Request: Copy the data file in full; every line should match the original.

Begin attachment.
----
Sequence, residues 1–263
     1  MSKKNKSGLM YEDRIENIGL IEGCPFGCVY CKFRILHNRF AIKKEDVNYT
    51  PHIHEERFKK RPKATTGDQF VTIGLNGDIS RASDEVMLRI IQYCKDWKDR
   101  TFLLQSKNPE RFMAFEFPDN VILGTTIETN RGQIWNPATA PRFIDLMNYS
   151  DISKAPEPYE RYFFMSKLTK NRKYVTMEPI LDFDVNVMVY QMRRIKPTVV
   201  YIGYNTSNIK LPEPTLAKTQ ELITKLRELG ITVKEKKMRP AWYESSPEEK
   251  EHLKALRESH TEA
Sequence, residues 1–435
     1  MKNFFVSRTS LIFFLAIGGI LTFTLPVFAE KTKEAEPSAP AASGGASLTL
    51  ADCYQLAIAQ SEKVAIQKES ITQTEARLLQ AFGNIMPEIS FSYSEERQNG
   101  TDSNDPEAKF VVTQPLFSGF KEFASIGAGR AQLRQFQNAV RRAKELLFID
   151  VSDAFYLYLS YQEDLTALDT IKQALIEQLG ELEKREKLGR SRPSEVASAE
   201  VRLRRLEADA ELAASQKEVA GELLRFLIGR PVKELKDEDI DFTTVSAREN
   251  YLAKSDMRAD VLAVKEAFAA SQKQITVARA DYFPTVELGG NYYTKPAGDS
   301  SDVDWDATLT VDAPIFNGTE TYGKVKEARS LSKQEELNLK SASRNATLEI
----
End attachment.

Sequence, residues 1–263
     1  MSKKNKSGLM YEDRIENIGL IEGCPFGCVY CKFRILHNRF AIKKEDVNYT
    51  PHIHEERFKK RPKATTGDQF VTIGLNGDIS RASDEVMLRI IQYCKDWKDR
   101  TFLLQSKNPE RFMAFEFPDN VILGTTIETN RGQIWNPATA PRFIDLMNYS
   151  DISKAPEPYE RYFFMSKLTK NRKYVTMEPI LDFDVNVMVY QMRRIKPTVV
   201  YIGYNTSNIK LPEPTLAKTQ ELITKLRELG ITVKEKKMRP AWYESSPEEK
   251  EHLKALRESH TEA
Sequence, residues 1–435
     1  MKNFFVSRTS LIFFLAIGGI LTFTLPVFAE KTKEAEPSAP AASGGASLTL
    51  ADCYQLAIAQ SEKVAIQKES ITQTEARLLQ AFGNIMPEIS FSYSEERQNG
   101  TDSNDPEAKF VVTQPLFSGF KEFASIGAGR AQLRQFQNAV RRAKELLFID
   151  VSDAFYLYLS YQEDLTALDT IKQALIEQLG ELEKREKLGR SRPSEVASAE
   201  VRLRRLEADA ELAASQKEVA GELLRFLIGR PVKELKDEDI DFTTVSAREN
   251  YLAKSDMRAD VLAVKEAFAA SQKQITVARA DYFPTVELGG NYYTKPAGDS
   301  SDVDWDATLT VDAPIFNGTE TYGKVKEARS LSKQEELNLK SASRNATLEI